# Ambiguity Function (Cycle Slip Detection and Ambiguity Resolution) (GPS)

It is well-known that in GPS precise positioning, ambiguity resolution is one of the key problems that has to be solved. Some well-derived ambiguity fixing and searching algorithms have been published in the past. One of these methods is the ambiguity function (AF) method, which can be found in many standard publications (Remondi 1984; Wang et al. 1988; Han and Rizos 1995; Hofmann-Wellenhof et al. 1997).

The principle of the ambiguity function method is to use the single-differenced phase observation

to form an exponential complex function

whereis the phase observable,is the geometric distance of the signal transmitting path, is the wavelength, index j denotes the observed satellite,observational time,

Nis ambiguity,is the model of the receiver clock errors, and i is the imaginary unit. All terms in Eq. 8.48 have the units of cycles and are single-differenced terms. Property

is used in order to get Eq. 8.50.

Making a summation over all satellites and then taking the modulus operation, one has

where property

is used, nj is the satellite number andis the observed satellite number at epoch k. Making a summation of Eq. 8.51 over all the observed time epochs, one has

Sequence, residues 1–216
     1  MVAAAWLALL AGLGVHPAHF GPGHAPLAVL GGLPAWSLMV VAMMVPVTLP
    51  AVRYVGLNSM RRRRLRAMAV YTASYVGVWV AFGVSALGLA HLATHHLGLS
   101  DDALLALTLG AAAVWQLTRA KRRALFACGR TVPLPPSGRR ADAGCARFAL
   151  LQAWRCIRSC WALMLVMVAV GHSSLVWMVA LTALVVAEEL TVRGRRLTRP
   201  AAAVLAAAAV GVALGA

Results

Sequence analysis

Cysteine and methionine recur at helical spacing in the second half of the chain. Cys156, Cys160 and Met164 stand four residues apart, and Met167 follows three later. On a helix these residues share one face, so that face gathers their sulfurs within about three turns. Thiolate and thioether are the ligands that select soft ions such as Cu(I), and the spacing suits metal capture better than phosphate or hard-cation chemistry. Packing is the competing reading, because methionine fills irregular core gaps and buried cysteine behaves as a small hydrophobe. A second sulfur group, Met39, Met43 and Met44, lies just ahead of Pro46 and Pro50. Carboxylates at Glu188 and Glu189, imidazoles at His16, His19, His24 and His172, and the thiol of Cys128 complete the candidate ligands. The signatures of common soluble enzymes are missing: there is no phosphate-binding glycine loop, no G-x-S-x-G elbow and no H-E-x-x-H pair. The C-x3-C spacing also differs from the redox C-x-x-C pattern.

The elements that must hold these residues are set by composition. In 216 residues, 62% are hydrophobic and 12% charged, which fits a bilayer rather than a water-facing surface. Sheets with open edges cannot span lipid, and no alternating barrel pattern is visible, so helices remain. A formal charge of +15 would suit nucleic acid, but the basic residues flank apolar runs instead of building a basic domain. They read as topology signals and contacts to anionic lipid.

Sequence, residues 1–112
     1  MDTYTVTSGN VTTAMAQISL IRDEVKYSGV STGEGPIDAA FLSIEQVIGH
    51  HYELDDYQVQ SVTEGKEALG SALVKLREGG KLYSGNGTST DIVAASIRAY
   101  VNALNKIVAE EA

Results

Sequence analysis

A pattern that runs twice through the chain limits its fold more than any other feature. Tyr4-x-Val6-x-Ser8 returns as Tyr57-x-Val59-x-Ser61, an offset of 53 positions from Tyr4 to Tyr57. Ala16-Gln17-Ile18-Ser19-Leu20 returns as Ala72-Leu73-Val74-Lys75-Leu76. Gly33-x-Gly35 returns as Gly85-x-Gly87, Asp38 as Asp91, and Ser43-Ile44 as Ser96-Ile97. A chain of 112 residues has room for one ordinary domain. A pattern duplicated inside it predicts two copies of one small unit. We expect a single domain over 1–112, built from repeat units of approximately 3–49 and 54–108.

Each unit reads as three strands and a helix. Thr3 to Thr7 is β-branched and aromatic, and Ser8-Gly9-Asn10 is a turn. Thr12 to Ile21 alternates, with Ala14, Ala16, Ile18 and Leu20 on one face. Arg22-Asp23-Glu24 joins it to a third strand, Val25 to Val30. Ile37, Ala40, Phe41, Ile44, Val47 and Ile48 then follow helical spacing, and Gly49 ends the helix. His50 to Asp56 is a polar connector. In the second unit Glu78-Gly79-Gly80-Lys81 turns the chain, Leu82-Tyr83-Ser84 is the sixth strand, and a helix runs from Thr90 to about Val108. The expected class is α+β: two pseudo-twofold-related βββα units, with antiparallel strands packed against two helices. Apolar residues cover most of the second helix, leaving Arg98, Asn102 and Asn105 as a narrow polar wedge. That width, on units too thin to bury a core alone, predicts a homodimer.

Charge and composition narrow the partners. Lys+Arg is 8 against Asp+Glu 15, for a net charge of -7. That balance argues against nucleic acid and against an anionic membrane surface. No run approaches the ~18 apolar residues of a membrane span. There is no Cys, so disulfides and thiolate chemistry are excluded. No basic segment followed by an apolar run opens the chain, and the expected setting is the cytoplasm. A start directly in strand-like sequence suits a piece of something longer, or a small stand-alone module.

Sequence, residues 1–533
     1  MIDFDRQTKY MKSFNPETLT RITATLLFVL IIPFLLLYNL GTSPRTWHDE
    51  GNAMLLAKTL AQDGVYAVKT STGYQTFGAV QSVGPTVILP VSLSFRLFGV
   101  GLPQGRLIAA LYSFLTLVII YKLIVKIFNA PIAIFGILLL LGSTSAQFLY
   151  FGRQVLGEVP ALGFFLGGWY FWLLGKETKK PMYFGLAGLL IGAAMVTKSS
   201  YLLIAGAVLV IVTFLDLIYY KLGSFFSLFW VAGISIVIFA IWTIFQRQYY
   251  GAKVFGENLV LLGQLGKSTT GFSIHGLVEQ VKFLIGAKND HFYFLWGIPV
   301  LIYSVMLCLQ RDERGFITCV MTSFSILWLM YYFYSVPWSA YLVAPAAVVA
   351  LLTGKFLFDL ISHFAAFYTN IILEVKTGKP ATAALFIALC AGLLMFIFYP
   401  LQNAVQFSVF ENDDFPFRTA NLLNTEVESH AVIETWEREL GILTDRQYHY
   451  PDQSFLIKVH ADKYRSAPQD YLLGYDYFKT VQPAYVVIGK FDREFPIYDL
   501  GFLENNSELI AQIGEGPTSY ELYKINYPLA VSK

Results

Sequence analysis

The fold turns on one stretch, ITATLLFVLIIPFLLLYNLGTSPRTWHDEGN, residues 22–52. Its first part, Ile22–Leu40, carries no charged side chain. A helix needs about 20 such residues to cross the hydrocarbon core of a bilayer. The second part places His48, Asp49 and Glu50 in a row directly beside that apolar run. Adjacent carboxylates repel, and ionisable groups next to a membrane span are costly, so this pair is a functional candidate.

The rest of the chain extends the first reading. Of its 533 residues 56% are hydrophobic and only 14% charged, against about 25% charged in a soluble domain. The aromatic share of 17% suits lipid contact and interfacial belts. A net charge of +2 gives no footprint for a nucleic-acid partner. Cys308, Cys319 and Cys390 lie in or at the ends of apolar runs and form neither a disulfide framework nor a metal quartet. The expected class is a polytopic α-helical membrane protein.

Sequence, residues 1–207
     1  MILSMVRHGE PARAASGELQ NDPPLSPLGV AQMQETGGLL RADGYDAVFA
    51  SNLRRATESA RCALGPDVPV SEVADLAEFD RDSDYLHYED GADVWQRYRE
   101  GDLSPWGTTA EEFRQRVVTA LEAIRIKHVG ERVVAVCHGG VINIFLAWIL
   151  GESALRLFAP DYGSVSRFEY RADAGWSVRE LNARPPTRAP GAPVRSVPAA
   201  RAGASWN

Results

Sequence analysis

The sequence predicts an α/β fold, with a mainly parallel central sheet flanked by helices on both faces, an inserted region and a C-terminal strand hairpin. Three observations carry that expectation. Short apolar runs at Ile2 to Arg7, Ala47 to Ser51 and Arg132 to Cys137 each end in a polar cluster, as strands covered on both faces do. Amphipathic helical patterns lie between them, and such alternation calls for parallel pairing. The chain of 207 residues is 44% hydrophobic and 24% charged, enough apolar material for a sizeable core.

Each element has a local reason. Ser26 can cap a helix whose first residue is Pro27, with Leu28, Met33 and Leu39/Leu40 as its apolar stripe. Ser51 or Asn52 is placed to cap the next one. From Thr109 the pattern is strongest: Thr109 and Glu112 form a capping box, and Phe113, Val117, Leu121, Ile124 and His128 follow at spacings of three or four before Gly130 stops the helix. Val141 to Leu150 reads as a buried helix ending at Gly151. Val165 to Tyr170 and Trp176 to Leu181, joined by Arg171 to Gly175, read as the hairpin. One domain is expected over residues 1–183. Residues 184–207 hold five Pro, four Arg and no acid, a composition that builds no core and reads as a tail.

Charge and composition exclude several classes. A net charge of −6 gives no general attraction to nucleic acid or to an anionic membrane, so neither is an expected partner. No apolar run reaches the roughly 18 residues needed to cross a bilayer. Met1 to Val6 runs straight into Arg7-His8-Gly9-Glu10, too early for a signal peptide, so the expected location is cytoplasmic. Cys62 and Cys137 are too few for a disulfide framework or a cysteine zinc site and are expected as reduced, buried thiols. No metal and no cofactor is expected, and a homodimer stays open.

whereis the total epochs number. The left side of Eq. 8.52 is called the ambiguity function, where unknowns are the coordinates of the remote station. The values of the ambiguity function have to be computed for all candidates of coordinates, and the optimum solution is found if the function reaches the maximum, i.e.,

The search area can be determined by the standard deviationsof the initial coordinates (e.g., a cube with side lengths ofor a sphere with a radius ofThe AF method is indeed an ambiguity free method. The ambiguity can be computed using the optimal coordinate solution of Eq. 8.53.

Further discussion on the AF method is given in the next sub-section.

## Maximum Property of Ambiguity Function

The ambiguity function is discussed in Sect. 8.4. Here a numerical study of the maximum property of the ambiguity function (AF) is given. It seems that the maximum value of the AF trends to be reached at the boundary of any given search area. Numerical examples are given to illustrate the conclusion. However, a theoretical proof has still not been found up to now; even the author tried to find one, but failed.

### Numerical Examples

Several numerical examples are given here to illustrate the behaviours of the ambiguity function criterion. The GPS data of the EU AGMASCO project are used. Data are combined with the data of IGS network and solved for precise coordinates as references. The station Faim (N 38.5295°, E 331.3711°) is used as the reference and Flor (N 39.4493°, E 328.8715°) is used as the remote station. The baseline length is about 240 km. The data length is about four hours of 3 October, 1997. KSGsoft is used for computing a static solution of the coordinates of Flor. The differences of the KSGsoft solution and IGS solution are (0.26,1.93,1.37) cm in the global Cartesian coordinate system. Related standard deviations of the KSGsoft solution are (0.04, 0.04, 0.02) cm. The differences are caused partly by the different data lengths. This assures a good standard for the software being used.